Plain Writing Act of 2010 requires agencies to write documents for the public that are easy to understand and use. We must use plain language in any document that—is necessary for obtaining any federal government benefit or service or filing taxes; provides information about any federal government benefit or service; or explains to the public how to comply with a requirement that the federal government administers or enforces.
This plan describes how the Department of Commerce will continue to comply with the Plain Writing Act. We’re committed to open government, transparency, and customer service—which we can’t provide if the public can’t easily understand what we say. Plain language is central to improving customer service and putting our customers first.
We invite public comment on our plan. Please send comments to email@example.com.
Because we’re dedicated to the letter and the spirit of the Plain Writing Act, the Commerce Department’s efforts will go beyond compliance. We will use existing resources and support the plain language community, particularly the Plain Language Information and Action Network (PLAIN).
I. Designate senior agency official for plain writing and coordinators
The Act requires us to “designate 1 or more agency points-of-contact to receive and respond to public input on (i) agency implementation of this Act; and (ii) the agency reports required under section 5.”
Madhura Valverde, Director of Executive Secretariat, is the senior agency official for plain writing. She will ensure the plan’s implementation. Contact her at firstname.lastname@example.org.
Parker Sheedy is the Plain Language launcher, coordinating the plain language implementation program. Contact him at 202-482-3315 or email@example.com.
II. Describe the agency communications released by your office that follow the Plain Writing guidelines
We write all new or substantially revised relevant documents—including web pages—in plain language. As recommended by the Office of Management and Budget, we will follow the Federal Plain Language Guidelines and this plain language checklist. We will strive to produce most documents in plain writing, including those not covered by the Plain Writing Act, while considering the types of documents and how many people use them.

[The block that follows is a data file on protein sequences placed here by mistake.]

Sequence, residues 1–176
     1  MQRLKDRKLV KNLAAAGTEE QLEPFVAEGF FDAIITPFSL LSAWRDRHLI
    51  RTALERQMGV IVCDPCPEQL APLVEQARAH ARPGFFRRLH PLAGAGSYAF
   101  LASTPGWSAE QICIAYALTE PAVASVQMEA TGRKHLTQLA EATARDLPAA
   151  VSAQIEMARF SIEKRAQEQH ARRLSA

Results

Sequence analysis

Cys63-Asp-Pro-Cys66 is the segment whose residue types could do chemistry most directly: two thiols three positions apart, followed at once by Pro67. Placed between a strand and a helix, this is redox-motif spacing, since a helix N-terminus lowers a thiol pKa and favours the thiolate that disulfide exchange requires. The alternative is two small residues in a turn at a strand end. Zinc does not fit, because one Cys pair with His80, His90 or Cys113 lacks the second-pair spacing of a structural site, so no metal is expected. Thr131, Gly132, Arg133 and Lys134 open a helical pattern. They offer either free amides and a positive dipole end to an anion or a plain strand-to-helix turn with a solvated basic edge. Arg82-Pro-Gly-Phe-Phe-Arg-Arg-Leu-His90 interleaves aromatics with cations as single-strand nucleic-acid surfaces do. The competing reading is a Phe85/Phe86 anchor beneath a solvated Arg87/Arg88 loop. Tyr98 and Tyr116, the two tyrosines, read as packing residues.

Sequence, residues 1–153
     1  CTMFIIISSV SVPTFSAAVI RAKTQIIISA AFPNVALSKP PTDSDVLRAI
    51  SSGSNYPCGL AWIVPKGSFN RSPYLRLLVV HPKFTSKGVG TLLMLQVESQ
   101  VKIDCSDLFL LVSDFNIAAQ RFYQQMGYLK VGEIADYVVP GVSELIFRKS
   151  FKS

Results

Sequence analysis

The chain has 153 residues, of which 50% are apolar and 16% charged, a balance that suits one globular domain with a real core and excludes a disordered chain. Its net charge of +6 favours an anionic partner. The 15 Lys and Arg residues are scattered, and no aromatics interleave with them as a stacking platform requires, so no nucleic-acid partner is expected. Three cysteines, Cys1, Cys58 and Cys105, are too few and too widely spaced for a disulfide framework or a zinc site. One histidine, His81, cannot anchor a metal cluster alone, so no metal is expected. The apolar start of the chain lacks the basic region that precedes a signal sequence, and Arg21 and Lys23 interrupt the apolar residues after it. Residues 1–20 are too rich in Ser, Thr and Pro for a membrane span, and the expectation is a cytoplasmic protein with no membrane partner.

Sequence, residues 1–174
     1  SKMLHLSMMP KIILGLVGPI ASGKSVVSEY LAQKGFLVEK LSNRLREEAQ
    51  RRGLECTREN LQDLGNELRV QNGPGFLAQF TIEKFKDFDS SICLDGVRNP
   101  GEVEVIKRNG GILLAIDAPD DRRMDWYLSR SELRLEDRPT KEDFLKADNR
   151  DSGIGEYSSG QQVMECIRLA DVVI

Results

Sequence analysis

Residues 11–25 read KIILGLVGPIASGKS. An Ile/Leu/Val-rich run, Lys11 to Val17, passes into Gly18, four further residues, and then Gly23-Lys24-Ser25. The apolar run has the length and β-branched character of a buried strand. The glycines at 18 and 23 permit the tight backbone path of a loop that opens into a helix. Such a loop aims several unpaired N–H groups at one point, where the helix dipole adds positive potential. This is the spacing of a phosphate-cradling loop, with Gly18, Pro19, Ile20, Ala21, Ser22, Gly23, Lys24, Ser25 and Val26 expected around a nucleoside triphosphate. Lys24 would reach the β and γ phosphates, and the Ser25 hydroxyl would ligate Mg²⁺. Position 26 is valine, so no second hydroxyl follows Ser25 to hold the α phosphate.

III. Inform agency staff of the Plain Writing Act’s requirements
The law states that agencies must “communicate the requirements of this Act to the employees of the agency”. To comply, we are planning to do, or have already done, the following:
Post information at www.doc.gov/plainlanguage, linked from Commerce’s home page
Post information on the agency’s intranet
Send an email message to all employees from the Secretary or other Commerce leader
Brief the senior management team
Brief the chiefs of staffs and the training managers of all Commerce bureaus
IV. Train staff
We will continue to encourage Commerce bureaus to require plain language training for their staff. PLAIN trainers or private vendors have taught workshops within the bureaus and the Secretary’s office. Workshops and refresher courses are available upon request.
V. Continue compliance and sustain change
Our strategy ensures that we’re complying with the Act. We will
Continuously train current employees
Train new employees at new employee orientations
Encourage our contractors to take plain language training
Create new forms, policies, and procedures in plain language
Review existing documents for plain language
Rewrite the most visited pages on Commerce.gov in plain language and measure performance, by monitoring feedback emails
Changing our writing culture will require hard work; employees will need to acquire new skills and abandon ingrained writing habits. With training, senior-level encouragement, and customer service feedback, we expect to meet our performance goals.
VI. Create department’s plain writing website
Commerce’s plain language webpage is www.commerce.gov/plain-language. Contact us at firstname.lastname@example.org if you have trouble understanding any Commerce web pages or documents. We will respond to you within three business days.
VII. Evaluate customer success after implementing plain language plan
We’re exploring the best way to measure our plain language progress. We’ll revise this document to include our specific performance goals. Possibilities include—
Publish before-and-after examples to show benefits of plain language improvements
Initiate new feedback/rating feature on www.commerce.gov and regularly publish results and agency response
|Plain Writing Act Compliance Report 2011||39.44 KB|
|Plain Writing Act Compliance Report 2012||98.03 KB|
|Plain Writing Act Compliance Report 2013||129.91 KB|
|Plain Writing Act Compliance Report 2014||137.79 KB|
|Plain Language Checklist||104.98 KB|
|The Department of Commerce Plain Writing Implementation Plan||129.44 KB|